-Increase directly in proportion to the level of sales in dollars or units sold-Change in proportion to the activity of a business-Sometimes referred to as unit-level costs since they vary with the number of units produced-Can also be referred to as Cost of Goods Sold (COGS)-Examples include: -Cost of goods sold (COGS) -Direct labour costs -Sales commission -Shipping charges -Delivery Charges -Cost of direct materials or supplies -Wages of temporary or part-time employees -Bonuses
-Stay the same regardless of sales-Fixed costs are sometimes referred to as Operating Overhead Expenses or Recurring Costs-Examples include: -Marketing related costs -Rent -Insurance -Equipment expenses -Business licenses -Salary of permanent full-time employees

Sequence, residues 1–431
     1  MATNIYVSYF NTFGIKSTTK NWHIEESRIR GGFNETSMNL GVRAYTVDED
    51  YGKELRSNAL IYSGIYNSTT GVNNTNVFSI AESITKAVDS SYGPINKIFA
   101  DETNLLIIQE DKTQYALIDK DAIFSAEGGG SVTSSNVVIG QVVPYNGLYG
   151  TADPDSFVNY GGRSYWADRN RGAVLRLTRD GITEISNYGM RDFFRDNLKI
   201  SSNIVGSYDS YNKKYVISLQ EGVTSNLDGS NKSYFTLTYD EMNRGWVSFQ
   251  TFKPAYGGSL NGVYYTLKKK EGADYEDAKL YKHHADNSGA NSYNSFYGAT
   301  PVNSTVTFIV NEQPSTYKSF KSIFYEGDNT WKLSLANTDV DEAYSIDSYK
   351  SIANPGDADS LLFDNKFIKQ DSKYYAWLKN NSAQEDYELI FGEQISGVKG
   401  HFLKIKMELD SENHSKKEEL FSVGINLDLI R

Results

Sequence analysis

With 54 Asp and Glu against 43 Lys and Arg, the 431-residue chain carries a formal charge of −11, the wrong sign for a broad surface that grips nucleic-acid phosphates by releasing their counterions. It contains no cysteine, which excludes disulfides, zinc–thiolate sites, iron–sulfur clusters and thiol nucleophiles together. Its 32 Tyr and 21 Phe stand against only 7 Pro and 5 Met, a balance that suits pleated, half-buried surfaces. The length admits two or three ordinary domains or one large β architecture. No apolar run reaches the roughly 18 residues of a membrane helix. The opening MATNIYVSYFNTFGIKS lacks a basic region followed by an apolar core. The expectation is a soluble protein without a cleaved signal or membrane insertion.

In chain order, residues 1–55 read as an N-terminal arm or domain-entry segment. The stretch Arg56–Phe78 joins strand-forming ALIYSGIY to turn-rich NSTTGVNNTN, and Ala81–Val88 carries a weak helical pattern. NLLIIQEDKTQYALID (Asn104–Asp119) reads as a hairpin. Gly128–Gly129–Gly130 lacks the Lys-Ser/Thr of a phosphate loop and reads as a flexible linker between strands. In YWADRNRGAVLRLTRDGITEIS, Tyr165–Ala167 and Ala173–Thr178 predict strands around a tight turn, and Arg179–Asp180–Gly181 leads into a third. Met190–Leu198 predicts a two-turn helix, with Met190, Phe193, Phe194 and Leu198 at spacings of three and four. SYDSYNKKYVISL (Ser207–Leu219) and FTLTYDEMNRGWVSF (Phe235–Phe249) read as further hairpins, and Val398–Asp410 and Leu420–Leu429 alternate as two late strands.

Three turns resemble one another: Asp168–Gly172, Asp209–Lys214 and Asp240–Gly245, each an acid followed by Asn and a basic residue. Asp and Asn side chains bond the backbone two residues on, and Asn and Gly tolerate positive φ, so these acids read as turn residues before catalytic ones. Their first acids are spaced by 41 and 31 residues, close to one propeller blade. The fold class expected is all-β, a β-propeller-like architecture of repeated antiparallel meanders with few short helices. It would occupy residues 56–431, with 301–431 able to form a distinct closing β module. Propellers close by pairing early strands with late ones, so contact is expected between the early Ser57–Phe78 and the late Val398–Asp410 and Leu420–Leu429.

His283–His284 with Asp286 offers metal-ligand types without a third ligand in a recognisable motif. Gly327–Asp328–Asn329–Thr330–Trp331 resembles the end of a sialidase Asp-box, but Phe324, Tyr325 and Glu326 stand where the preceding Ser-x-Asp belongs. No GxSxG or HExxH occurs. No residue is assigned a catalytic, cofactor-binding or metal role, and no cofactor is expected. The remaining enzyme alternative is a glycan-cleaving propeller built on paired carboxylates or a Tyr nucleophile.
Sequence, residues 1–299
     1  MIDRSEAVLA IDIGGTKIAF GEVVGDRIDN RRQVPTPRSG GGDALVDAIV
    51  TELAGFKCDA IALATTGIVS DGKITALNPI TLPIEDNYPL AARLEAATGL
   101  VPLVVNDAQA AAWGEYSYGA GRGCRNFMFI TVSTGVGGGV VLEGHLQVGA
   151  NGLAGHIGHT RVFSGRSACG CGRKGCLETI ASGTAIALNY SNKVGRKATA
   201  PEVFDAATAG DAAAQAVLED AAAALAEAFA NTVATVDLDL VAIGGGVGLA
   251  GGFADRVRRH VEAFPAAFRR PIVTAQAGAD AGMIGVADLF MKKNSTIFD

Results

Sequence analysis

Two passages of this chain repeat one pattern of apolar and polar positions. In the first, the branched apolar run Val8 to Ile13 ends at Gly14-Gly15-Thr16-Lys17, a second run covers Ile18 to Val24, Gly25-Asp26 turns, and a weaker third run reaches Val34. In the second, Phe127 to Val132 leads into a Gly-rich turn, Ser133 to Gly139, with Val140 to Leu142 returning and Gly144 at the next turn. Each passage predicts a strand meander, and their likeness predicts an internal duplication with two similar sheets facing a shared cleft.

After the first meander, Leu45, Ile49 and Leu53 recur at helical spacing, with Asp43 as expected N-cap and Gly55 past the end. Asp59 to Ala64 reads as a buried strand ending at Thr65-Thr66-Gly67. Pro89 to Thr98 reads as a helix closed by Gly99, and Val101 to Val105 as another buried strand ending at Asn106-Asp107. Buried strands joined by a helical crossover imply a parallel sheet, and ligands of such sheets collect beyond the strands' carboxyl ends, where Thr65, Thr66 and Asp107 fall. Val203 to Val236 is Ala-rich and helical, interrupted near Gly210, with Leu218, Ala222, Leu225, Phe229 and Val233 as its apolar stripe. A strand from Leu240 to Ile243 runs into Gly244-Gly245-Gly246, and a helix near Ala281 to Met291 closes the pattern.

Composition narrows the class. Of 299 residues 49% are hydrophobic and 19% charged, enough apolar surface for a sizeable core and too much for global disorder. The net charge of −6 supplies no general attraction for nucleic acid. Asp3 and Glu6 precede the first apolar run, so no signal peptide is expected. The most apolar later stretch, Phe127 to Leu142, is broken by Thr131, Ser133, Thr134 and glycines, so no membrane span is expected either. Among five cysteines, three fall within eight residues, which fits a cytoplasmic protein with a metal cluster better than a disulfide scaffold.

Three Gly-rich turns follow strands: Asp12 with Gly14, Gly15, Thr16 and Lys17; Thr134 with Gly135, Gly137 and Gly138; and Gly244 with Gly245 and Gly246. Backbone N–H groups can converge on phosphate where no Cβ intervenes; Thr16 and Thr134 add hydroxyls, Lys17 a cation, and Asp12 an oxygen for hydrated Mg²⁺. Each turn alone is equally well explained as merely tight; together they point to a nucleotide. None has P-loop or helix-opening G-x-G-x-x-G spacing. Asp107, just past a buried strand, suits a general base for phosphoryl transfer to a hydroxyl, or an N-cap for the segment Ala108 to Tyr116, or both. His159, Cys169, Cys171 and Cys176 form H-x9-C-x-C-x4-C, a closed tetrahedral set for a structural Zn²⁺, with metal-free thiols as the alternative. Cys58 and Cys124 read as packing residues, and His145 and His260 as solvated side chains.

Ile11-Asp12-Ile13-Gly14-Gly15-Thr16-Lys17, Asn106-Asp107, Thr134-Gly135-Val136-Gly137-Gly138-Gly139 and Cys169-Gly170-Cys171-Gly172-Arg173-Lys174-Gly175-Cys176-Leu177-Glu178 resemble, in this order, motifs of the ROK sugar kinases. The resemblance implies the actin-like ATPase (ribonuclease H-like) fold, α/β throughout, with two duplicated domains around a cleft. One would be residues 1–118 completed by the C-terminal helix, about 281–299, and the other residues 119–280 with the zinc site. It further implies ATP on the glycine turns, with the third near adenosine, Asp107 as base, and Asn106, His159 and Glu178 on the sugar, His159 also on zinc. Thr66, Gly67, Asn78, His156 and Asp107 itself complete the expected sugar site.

-Similar to capital costs-Capital costs are the fees associated with the initial setup of a plant or project, after which there will only be recurring operational or running costs-Capital costs are one time expenses-Capital costs are fixed and are therefore independent of the level of output-Payment may be spread out over many years in financial reports and tax returns-Examples include: -Land -Real estate -Buildings -Construction -Purchase of equipment -Leasehold improvements/renovations
Percentage change is a way to express a change in a variable.It represents the relative change between the old value and the new one. It allows marketers to compare performance indicators such as revenue over different periods. In this particular case, the chart indicates the shrinking of US Newspaper Advertising Revenues and the percent change year-over-year.